This short film from 3D Robotics, the first in “an original sci-fi miniseries” called “Life After Gravity” is trying just a little bit too hard. Maybe a lot too hard. But it’s still pretty:

And behind the scenes, of course:

[ 3D Robotics ]

Pepper learns how to assist you with your alcoholism:

What the heck is in that fish tank?

[ YouTube ]

“Construction Robotics brick-laying robot working alongside masons to complete an 18-foot-high, 80-foot-wide brick wall in just 24 hours. The robot, SAM100 for Semi-Automated Mason, began laying bricks a little after 7 a.m. Tuesday on a wall for the new Potomac Valley Brick and Supply Co. warehouse in Frederick, Maryland. Three crews of masons from three different companies worked staggered shifts; SAM100 continued operating through the night, and installed 4,257 utility bricks in 22 hours and 48 minutes.”

“Sam is a robot, and robots are dumb.” That right there is a dude who knows pretty much all there is to know about robots.

[ Construction Robotics ]

Fight, robots, fight!

For more of ROBO-ONE Light, hit up the link below.

[ Biped Robot News ]

This video, from the euRathlon/SHERPA Summer School 2015 on Field Robotics in Finland, is worth watching for the epically orange robotic orcaboat that shows up in the middle:

[ euRathlon ]

What can TIAGo do for you? All of this, and more!

[ PAL Robotics ]

Thanks Judith!

Gimball: good for more than just nocturnal dancing!

[ Flyability ]

“The Jibo manufacturing process is well underway. Jibo’s manufacturing team recently got back from a trip to China, where they were working with Jibo’s contract manufacturer (CM) on the Jibo EVT (Engineering Validation Test). EVT denotes a stage of development in a manufactured product. In this video interview, Kyle Moise, shares how things are going at this stage of the process.”

[ Jibo ]

“Dr. Ron Diftler is an expert in robotic systems and helicopter dynamics, currently leading the team developing Robonaut, a human-scale space robotic system designed to assist astronauts undertaking space walks. Dr. Diftler has led this team through several highly successful collaborations with DARPA, the Institute for Human-Machine Cognition, and a number of top universities. He has 11 patents currently in process or awarded in the field of robotics, including several on robot hand technology, and has published more than 50 peer-reviewed technical papers. Dr. Diftler is a recipient of a 2012 Service to America Finalist Medal, a 2009 NASA Exceptional Engineering Achievement Award, and a 2005 IEEE Humanoids Conference Best Paper Award, among other awards. He holds a Ph.D. from Rice University.”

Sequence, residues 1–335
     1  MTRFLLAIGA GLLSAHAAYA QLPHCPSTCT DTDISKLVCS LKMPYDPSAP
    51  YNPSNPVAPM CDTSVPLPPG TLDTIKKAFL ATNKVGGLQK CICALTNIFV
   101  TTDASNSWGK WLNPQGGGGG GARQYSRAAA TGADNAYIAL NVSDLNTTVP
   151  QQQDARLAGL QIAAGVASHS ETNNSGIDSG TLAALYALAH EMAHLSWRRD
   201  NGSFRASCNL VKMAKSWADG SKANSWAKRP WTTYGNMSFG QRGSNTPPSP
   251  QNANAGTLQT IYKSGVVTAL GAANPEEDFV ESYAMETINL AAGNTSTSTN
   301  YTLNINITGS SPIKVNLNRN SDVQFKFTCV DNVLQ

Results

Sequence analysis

[ IBM ]

“Valery Komissarova, Business Development Director at Grishin Robotics, talking about working at an investment company focused on consumer robotics. In episode 4 of Robots in Depth, Valery describes why the timing for starting Grishin Robotics was just right and shares some of the initial feedback from different parts of the robotics community. She also talks about differences between the companies that get funded and the ones that don’t, what it takes to be a successful entrepreneur in robotics and the areas within consumer robotics where we are likely to see strong development in the next few years.”

[ Robots In Depth ]

And we’ll end with: “Crowds and Robots: Leveraging the Web to Advance Robot Autonomy,” a talk by Sonia Chernova from Georgia Institute of Technology.

The development of robots that work alongside human users and are adaptable to changing task and user needs is of critical importance for furthering industries as diverse as manufacturing, healthcare, defense, and consumer services. To operate effectively in these complex domains, robots must have the ability to adapt to user preferences and learn from user input. In this talk, I will discuss how my lab's research has leveraged innovations in cloud computing, crowdsourcing and remote access technologies to gain unprecedented access to data and users, fundamentally altering the way in which interactive robotic systems are developed and deployed. I will present applications of this research paradigm to robot learning from demonstration, object manipulation and semantic reasoning, as well as discuss exciting avenues for future research in this area.

[ CMU RI Seminar ]